If you try this with tofu or soy curls, I recommend pressing out as much liquid as you can. Sear them with some oil to get a bit of texture before adding the sauce to cook down. Truly any vegan protein you like would work well here! The sauce is what gives this that char siu flavour!

For the full video with the cooking demo, check out my YouTube Video!

Char Siu Inspired By:

Yield: 6 large buns or 8 smaller ones

Vegan Char Siu Bao (BBQ Buns)

A plate of vegan char siu bao buns with one split open to reveal the char siu seitan inside

These BBQ buns are a dim sum favourite and have been a labour of love to perfect! If you’d like to save these for later, I typically wrap the cooled bao individually in plastic wrap and store in the fridge. We don’t usually have any left over though, so this doesn’t happen very often 😉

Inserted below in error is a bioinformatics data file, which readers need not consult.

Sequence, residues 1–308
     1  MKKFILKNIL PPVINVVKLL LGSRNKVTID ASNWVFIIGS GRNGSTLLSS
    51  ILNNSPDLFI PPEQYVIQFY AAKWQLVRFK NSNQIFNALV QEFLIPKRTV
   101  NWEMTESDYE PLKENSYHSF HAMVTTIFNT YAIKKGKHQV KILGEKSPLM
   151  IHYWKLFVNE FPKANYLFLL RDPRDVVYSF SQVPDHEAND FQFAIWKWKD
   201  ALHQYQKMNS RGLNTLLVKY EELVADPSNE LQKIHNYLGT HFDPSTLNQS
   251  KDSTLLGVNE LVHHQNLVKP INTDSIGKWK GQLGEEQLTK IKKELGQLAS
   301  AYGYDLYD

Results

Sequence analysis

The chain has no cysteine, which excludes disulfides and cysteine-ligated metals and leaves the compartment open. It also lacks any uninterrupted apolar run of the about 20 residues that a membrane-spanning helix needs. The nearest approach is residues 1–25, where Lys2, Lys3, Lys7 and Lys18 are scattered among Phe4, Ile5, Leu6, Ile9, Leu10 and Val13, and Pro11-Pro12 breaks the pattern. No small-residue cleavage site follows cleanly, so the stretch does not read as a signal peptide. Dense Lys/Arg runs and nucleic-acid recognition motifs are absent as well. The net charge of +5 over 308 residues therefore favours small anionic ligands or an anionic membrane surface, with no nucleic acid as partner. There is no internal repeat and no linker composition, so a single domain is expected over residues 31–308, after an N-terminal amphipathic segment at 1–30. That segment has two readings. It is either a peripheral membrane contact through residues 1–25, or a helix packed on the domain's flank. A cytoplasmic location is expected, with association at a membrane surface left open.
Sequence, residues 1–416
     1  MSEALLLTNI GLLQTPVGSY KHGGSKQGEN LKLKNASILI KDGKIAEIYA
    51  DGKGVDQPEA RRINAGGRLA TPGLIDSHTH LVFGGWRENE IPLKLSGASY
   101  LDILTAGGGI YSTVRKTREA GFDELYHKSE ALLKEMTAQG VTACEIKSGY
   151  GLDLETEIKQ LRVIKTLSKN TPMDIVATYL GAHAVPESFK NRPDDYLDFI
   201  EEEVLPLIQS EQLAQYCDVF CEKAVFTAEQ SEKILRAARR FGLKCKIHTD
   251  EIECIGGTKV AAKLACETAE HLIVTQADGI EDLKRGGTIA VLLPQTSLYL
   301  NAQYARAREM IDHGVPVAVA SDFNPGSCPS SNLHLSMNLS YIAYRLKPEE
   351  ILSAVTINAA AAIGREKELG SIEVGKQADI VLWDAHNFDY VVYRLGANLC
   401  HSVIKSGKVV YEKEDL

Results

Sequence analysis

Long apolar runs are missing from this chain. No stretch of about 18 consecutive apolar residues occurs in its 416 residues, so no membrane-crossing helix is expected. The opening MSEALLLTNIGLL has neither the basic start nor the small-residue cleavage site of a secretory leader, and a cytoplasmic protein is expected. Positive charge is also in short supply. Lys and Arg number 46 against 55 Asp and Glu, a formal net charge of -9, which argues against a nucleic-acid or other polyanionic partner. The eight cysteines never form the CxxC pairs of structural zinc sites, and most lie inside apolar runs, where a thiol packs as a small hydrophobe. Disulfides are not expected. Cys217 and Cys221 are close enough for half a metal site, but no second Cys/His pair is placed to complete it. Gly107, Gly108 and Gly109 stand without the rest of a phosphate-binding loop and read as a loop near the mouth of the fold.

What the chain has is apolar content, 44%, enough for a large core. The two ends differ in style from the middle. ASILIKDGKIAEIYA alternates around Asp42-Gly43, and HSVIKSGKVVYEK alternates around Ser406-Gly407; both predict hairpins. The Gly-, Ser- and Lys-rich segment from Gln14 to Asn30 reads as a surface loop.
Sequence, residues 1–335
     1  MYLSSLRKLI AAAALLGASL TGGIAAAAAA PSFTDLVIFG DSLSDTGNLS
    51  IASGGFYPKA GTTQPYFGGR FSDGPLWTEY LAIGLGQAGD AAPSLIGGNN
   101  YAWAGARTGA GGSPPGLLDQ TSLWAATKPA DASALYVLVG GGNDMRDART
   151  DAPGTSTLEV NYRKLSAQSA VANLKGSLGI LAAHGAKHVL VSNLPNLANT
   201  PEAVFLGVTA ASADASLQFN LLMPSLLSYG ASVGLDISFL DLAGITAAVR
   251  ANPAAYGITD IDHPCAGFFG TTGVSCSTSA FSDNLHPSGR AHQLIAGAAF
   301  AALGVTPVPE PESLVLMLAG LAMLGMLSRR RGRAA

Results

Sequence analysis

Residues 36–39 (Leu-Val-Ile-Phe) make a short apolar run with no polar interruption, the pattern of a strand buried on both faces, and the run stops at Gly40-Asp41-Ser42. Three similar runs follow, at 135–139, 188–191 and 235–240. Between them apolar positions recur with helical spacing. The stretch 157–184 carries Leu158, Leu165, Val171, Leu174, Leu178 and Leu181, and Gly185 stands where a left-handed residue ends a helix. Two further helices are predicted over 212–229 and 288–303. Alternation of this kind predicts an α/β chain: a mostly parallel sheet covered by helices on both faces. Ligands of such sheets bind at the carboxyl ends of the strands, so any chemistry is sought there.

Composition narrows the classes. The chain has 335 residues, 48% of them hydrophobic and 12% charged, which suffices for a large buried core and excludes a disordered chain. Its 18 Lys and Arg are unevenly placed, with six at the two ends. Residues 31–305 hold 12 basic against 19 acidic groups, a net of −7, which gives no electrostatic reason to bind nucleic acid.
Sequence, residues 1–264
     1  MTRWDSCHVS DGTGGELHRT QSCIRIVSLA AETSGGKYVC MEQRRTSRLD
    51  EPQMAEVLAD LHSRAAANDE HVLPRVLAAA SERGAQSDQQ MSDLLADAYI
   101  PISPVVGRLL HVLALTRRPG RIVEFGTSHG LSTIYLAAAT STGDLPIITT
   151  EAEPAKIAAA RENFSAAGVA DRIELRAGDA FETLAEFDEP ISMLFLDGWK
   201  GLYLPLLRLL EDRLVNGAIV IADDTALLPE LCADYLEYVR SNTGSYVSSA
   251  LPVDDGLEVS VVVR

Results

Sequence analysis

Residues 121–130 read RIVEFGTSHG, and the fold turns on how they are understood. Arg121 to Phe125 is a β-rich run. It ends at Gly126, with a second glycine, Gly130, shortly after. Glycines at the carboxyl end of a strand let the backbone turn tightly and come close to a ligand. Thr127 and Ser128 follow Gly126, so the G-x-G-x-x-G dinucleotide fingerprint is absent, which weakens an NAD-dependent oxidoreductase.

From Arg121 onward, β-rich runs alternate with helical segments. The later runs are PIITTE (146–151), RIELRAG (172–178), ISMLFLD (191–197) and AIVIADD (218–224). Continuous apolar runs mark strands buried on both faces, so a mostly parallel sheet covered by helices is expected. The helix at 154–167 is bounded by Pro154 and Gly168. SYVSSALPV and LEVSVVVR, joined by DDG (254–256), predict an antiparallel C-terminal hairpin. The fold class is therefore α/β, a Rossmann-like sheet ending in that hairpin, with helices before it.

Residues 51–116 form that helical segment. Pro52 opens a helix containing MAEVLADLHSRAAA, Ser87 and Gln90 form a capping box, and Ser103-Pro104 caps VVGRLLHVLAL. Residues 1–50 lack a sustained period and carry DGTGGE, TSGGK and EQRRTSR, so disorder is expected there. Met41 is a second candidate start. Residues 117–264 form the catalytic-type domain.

Prep Time
40 minutes

Cook Time
25 minutes

Total Time
1 hour 5 minutes


For the bao dough:

  • 250 g (2 cups) all purpose flour (11.5% protein)
  • 30 g (1/4 cup) cornstarch
  • 10 g (2.5 tsp) instant yeast
  • 4 g (1 tsp) baking powder
  • 1/2 tsp kosher salt
  • Optional: 1 tbsp sugar
  • 3/4 cup soy milk, warmed (I microwave for about 30 sec to be warm bath water temperature)
  • 30 mL (2 tbsp) vegetable oil + 1 tbsp for the bowl

For the Char Siu Sauce:

  • 2 tbsp shaoxing cooking wine
  • 2 tbsp hoisin sauce
  • 2 tbsp brown sugar (or more traditional: use maltose)
  • 2 cubes of red fermented bean curd
  • 2 tbsp of red bean curd liquid
  • 1/4 tsp white pepper
  • 1/2 tsp five spice powder
  • 2 cloves garlic, finely minced/pressed

For the “meat”:

  • Use 2 cups of your favourite meat substitute, like cubed seitan, cubed tofu, rehydrated soy curls or TVP (I used homemade seitan, see above in blog post)


  • A steamer (I use a two layered stainless steel one but you can do this in two layers of bamboo steamers too)